For the last forty days, I have spent the Lenten season fasting from laziness. Rather than give into the comfort of lounging on my sofa at the end of my day and watching my daughter play, I decided to get up and become more active As I had mentioned in my previous article on the topic, I had convinced myself that there was never enough time to exercise, but there was time, and it had always been there. For Lent, I gave up making excuses. I was holding myself back from achieving the body I wanted, so my journey began. Here are a few lessons I learned along the way.
Engage in physical activities that I can commit to. I love to walk, especially in our neighborhood. It’s soothing and calming, and packs a punch when combined with our hilly, San Francisco terrain. It’s also an activity everyone at any age or physical strength can do. For the last forty days, I committed to walking at least 20 minutes a day, every day, barring inclement weather. I walked either during my lunch hour or after dinner with my family. A few times, I walked home from work (1.5 miles). When it rained or stormed, I did calisthenics. Often, my daughter, Ilse, would try to do them with me.
Logging my activity kept me on track. Whenever I start something new, I write about it to keep it top of mind. Since the hardest days of trying anything new are at the beginning, I logged my physical activity daily on a Word document that I kept in my email. I know there are all kinds of exercise applications for Android and Apple phones that would have also worked, but pen and paper worked best for me. Seeing the days of activity encouraged me to keep going. After three weeks, I couldn’t wait to get outside for a walk.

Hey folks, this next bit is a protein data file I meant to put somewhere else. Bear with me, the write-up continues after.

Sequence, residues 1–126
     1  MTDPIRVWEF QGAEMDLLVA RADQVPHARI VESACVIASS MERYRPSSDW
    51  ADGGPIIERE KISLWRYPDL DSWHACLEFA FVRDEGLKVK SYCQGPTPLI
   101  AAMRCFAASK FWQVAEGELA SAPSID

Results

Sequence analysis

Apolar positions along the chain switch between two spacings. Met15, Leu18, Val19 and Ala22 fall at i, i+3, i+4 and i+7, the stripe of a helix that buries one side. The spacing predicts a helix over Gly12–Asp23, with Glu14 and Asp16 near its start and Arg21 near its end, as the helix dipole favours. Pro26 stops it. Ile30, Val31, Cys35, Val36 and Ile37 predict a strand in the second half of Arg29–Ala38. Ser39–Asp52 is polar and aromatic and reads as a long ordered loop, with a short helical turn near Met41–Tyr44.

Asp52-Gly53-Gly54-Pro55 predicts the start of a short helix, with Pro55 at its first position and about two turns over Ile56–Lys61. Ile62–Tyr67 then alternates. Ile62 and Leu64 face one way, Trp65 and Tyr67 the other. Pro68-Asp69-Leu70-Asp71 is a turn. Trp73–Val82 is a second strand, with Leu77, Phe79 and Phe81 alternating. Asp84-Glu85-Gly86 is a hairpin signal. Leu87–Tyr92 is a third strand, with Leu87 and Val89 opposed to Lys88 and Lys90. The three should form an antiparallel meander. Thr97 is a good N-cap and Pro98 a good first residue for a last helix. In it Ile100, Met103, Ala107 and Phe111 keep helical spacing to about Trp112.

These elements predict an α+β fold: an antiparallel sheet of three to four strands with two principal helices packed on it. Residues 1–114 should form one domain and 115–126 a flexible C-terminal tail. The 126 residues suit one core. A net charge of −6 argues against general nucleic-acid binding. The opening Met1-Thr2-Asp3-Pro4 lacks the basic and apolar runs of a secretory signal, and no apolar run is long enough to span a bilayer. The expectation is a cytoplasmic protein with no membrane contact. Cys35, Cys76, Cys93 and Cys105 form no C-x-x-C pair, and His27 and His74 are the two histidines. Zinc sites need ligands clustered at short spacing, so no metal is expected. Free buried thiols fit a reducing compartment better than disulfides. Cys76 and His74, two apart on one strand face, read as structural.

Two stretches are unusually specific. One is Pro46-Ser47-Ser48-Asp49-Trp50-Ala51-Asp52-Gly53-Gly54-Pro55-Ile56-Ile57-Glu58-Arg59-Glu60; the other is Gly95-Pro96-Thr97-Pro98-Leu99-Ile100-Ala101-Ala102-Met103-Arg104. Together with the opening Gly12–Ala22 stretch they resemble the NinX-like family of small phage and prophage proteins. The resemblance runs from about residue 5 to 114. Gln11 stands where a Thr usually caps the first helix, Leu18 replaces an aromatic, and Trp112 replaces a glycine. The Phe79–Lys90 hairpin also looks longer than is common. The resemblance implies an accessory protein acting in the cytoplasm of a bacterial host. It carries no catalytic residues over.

Small snacks are good. I love to eat. When I was nursing full-time, I ate all the time to maintain my milk supply. I ate three full meals and a full dessert (usually a glass of milk and something sweet) before bed. It was a schedule I had adhered to out of habit until the beginning of Lent. With my increased physical activity, I’ve felt the need to nibble on small snacks during the day. I keep clementines or whole wheat crackers handy at work to keep my energy up, so I am not ravenous for dinner when I come home from work. I also keep bite-sized chocolates at my desk when I need something sweet.
Overall, it’s been a great experience, albeit a tough and rough one. I took a “before” and “after” photo in the same tank top. While the physical results were not dramatic, my face looks a little more defined. There have been times when I wanted to give up, when I would look at my naked body in the mirror and lament about how “cute I used to look.” Then, I see my healthy, happy Ilse, and I am reminded that it’s not about achieving the body I used to have, but achieving a healthier version of the body I have now. So the road to a healthier me continues. At least the hard part of getting started is over.